Wednesday, August 28, 2013

I don't have a dream, I have a demand...

Today marks the 50th anniversary of the March on Washington for Jobs and Freedom. That historic march, organized by legendary activist Bayard Rustin, and at which Reverend Dr. Martin Luther King, Jr. delivered his historic "I Have a Dream" speech, was a landmark occasion in the history of civil rights in the United States. And while I certainly don't want to understate the importance of the event, many people use the March on Washington, and the ensuing passage of the Civil Rights and Voting Rights Acts, as evidence that we've "made it" with regard to racial equality.
But they're wrong. We've stagnated in our race relations. In fact, with the recent Supreme Court decision striking down section 5 of the voting Rights Act, and the current and inevitable future efforts of many to restrict the right to vote for many poor and minority citizens, we're actually moving backward. Those with ill intentions continue to play on racial fears and ignorance to push forward their agendas of white supremacy and economic monopolization. We still see gross differences between the opportunities of those born into affluent families versus those born into poor families; statistics show that little has changed when it comes to economic opportunity. There are gross disparities in education and access to vocational skill-building. And while many of these issues are tied to economic disparities, in many places in American society economic inequality has been intrinsically tied to racial inequality.
It is impossible to deny that there is a problem, when black people are hugely disproportionately represented in the ranks of those in poverty, those incarcerated, those as victims of violence, and many other metrics. We need to be honest about where we are in terms of the civil rights movement. We were moving forward in the 60s. We began slowing down in the 70s. We basically stopped in the 80s. We started arguing about the gains in the 90s. We regressed and pretended that inequality didn't exist in the 00s. And now we're moving backward in the 10s.
To turn things around will take honesty, openness, and effort. It can't be only black people that push for continued progress in the civil rights movement. We need equality for all people in this country and this world; immigrants, women, LBGTQ people, the poor, the sick, those from small towns and big cities, and everyone in between. Everyone is naturally equal; it is only because of ignorance, hate, and opportunism that our society has been twisted into believing that there are differences. Those who care need to keep caring and keep moving. Things will only happen if we make them happen.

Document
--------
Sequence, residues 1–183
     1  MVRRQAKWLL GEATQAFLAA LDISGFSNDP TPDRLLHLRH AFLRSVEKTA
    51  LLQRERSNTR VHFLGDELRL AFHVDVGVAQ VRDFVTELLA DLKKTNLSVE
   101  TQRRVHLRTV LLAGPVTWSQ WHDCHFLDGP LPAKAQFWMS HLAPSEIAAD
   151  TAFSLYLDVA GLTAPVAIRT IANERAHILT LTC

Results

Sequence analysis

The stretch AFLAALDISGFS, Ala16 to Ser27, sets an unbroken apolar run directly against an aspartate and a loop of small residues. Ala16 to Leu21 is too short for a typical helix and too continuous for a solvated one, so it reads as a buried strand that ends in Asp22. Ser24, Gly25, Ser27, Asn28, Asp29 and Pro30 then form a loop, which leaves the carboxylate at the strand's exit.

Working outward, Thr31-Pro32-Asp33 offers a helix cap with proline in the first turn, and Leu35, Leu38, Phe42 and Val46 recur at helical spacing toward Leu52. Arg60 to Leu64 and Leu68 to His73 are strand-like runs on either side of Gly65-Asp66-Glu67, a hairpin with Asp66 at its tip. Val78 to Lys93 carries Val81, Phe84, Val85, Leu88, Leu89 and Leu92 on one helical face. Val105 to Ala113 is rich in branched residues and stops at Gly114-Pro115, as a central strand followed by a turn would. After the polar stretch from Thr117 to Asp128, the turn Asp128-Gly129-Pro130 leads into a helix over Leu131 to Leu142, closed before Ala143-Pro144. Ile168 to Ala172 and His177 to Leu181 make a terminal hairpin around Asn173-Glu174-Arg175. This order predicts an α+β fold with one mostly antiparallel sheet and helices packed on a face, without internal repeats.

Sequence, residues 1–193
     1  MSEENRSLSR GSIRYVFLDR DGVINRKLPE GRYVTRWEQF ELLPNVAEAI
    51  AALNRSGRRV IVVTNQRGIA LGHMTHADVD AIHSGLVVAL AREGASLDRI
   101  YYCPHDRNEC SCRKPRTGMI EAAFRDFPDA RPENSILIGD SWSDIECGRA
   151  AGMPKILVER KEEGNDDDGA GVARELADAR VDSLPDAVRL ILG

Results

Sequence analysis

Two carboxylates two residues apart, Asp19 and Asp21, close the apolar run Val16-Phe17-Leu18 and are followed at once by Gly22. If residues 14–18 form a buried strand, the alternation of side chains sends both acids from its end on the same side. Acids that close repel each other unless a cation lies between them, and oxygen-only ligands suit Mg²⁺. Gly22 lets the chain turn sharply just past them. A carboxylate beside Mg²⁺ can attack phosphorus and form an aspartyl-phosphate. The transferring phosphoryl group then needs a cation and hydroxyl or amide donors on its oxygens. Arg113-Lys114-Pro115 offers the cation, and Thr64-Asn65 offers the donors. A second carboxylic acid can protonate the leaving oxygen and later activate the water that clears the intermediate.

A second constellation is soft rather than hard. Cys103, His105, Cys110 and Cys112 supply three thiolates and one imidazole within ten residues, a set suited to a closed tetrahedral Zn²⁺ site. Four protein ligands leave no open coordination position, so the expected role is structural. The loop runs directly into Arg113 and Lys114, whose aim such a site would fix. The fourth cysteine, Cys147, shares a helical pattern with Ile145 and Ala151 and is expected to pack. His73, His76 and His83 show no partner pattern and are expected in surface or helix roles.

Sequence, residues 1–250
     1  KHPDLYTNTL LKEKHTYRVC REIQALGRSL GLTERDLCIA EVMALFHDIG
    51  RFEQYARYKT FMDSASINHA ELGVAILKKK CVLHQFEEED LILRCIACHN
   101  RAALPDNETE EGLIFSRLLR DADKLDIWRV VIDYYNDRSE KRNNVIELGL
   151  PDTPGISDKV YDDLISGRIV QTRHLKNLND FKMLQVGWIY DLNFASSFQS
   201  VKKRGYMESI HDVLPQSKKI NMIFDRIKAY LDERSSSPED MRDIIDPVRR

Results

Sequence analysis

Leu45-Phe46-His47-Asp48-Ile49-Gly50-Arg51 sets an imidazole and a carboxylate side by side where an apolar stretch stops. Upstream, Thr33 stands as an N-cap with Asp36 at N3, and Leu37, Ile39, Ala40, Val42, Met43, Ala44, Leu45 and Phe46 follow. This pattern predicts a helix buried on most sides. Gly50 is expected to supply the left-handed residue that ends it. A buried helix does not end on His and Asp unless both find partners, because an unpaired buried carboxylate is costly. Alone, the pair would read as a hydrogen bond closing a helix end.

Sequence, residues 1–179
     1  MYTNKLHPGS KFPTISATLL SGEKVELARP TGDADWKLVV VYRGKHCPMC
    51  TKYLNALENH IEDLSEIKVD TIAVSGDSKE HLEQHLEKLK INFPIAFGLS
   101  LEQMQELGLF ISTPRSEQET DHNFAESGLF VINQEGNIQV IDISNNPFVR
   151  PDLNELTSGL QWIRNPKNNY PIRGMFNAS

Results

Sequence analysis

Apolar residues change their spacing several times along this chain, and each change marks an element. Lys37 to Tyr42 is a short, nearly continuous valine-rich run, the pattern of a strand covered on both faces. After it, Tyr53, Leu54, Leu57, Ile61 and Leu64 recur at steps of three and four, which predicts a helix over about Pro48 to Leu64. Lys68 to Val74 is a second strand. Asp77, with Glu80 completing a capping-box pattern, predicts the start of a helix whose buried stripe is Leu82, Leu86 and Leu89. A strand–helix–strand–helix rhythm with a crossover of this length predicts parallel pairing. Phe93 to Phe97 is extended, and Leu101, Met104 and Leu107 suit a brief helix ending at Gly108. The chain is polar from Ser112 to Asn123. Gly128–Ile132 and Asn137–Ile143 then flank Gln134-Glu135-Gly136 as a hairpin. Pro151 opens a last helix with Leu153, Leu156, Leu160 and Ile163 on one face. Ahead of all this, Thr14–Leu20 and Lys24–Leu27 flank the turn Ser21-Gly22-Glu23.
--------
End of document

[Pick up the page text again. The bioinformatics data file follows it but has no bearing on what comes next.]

2 comments:

Crystal Marie said...

So what's your demand?

And what do you recommend? A new civil rights bill?

Michael Murphy said...

I guess my demand is that people a)need to care, and b)need to do something, anything. I think President Obama said it well yesterday:
That tireless teacher who gets to class early and stays late and dips into her own pocket to buy supplies because she believes that every child is her charge -- she's marching. That successful businessman who doesn't have to, but pays his workers a fair wage and then offers a shot to a man, maybe an ex-con, who's down on his luck -- he's marching. The mother who pours her love into her daughter so that she grows up with the confidence to walk through the same doors as anybody's son -- she's marching. The father who realizes the most important job he'll ever have is raising his boy right, even if he didn't have a father, especially if he didn't have a father at home -- he's marching. The battle-scarred veterans who devote themselves not only to helping their fellow warriors stand again and walk again and run again, but to keep serving their country when they come home -- they are marching. Everyone who realizes what those glorious patriots knew on that day, that change does not come from Washington but to Washington, that change has always been built on our willingness, we, the people, to take on the mantle of citizenship -- you are marching.